COVID-19 Family Law FAQ’s


Mother putting a face mask on her daughter

During this confusing new normal of living with an ongoing pandemic, navigating the new social restrictions and life changes is difficult for everyone. But for families dealing with co-parenting issues, pending divorces and other family law-related situations, life has become even more complicated. The manner in which courts are handling family law issues is evolving every day, however, there are some general questions on how coronavirus is affecting family law matters that I can try to answer.

#1 – Does a Lockdown or Stay-At-Home Order Affect My Custody/Possession Schedule?
No, the stay at home order issued in Florida does not apply to custody agreements unless you have proof of a reckless situation or if one parent is sick. As long as everyone in the family is comfortable moving forward, it is best to stick with the agreement as best as possible.


#2 – What If the Other Parent Lives in Another State?
Again, when possible, custody schedules should not change because of COVID-19. However, if your child usually travels by plane to see the other parent, if possible, it’s best to exercise caution by driving for now. Ideally, if both parents can agree to give the out-of-state parent “make up time” with the child after COVID-19 restrictions are lifted, that may be a better solution for the time being.


#3 – Can I Still File for Divorce Right Now?
Yes, filing can be done electronically in Florida and most courts continue to accept new divorce or custody actions during this time. However, you won’t get a trial date until courts reopen, so if you and your spouse cannot reach an agreement on all divorce-related matters, then you may want to wait until restrictions are lifted.


#4 – What If My Divorce Is Pending? Can I Get A Divorce Right Now?
If you and your spouse can reach an agreement, most courts are accepting agreed orders. However, there are 20 judicial circuits in the state of Florida and for each circuit, there are different local rules for family court proceedings. Additionally, each family law judge in each circuit has wide latitude in how they run their dockets, and how they run their courtrooms. This means the family law judge assigned to your case is the only person who can decide whether you can have a hearing or trial in your contested case. Since there is no constitutional right to divorce, you do not have a constitutionally protected fundamental right to divorce. Therefore, your contested divorce could be delayed temporarily and indefinitely because your divorce is unfortunately considered “non-essential” at this time.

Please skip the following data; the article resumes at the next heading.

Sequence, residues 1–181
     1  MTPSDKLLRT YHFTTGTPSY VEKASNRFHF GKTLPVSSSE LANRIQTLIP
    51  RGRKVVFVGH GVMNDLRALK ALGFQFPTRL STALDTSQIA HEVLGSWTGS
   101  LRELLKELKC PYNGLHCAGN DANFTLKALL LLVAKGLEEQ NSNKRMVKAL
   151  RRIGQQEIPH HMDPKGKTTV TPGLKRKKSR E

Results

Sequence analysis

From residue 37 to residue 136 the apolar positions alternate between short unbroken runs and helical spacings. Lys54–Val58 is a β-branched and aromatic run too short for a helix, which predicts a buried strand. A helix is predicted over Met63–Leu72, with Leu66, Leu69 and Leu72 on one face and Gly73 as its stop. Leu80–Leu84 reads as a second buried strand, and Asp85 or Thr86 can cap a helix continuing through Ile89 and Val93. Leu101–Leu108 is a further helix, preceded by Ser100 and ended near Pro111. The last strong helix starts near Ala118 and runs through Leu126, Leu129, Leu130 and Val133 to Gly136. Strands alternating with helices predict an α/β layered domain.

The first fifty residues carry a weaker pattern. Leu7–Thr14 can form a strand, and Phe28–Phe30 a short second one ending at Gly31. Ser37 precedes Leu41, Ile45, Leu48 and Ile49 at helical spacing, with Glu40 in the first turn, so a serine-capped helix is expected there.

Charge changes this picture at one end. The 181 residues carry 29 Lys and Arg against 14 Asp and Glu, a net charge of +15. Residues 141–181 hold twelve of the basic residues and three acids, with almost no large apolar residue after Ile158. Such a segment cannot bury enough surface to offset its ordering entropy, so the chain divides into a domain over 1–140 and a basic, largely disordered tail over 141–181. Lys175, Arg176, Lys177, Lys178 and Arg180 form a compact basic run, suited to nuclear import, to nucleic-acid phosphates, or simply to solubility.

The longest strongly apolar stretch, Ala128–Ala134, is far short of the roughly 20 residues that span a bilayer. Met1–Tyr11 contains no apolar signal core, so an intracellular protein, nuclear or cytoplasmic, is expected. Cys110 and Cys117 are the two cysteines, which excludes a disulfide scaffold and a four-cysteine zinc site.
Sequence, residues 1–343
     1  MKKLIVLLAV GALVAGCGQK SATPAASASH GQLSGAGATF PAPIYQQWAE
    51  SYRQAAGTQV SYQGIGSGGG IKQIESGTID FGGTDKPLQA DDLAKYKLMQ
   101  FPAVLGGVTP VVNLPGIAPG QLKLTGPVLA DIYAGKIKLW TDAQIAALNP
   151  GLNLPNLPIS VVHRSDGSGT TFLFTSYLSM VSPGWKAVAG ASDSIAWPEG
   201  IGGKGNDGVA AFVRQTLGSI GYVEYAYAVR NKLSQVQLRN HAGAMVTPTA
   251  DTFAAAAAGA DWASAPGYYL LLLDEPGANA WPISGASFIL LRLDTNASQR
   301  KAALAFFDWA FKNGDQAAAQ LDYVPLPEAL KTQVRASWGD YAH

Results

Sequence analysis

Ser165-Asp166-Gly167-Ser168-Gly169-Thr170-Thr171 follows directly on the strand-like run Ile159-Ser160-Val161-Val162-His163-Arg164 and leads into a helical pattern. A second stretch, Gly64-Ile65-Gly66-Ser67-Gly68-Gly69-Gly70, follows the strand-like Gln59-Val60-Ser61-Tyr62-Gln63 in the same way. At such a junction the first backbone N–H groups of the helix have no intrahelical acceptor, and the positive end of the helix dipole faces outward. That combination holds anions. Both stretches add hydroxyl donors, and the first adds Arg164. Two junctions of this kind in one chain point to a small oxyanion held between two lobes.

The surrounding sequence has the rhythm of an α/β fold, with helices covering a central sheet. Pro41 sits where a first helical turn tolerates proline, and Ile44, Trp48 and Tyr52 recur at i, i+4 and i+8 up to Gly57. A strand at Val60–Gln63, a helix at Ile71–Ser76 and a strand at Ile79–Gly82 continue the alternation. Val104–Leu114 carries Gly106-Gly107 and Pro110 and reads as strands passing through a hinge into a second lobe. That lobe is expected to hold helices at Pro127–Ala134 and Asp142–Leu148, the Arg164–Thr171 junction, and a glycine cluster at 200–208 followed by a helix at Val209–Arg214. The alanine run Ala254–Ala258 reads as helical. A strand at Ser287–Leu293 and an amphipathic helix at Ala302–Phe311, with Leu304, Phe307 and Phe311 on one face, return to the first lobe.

#5 – Are Mediations Still Happening?
Yes. If you think you may be able to reach an agreement with your spouse, many mediators are conducting mediation via Zoom or other similar apps that allow private conference rooms (password protected) to maintain attorney-client confidentiality.


#6 – I Lost My Job Due to COVID-19. Do I Still Have to Pay Child Support?
Yes. You still need to pay your child support. However, you may want to file a motion with the court to reduce or modify your child support obligations. If at all possible, try to work out a payment plan or alternate arrangement for child support with the other parent before you call a lawyer. If you and the other parent absolutely cannot reach an agreement, then you may need to seek court intervention.


#7 – How Will Stimulus Checks Be Divided Between Divorcing or Recently Divorced Spouses?
Spouses in the middle of a divorce will need to reach an agreement about the division of the stimulus, especially if the check will be deposited into an account controlled by one spouse or delivered to the formal marital residence. Inevitably, divorcing and recently divorced couples may have a dispute about how to divide the money.  In that case, it’s best to seek the advice of counsel.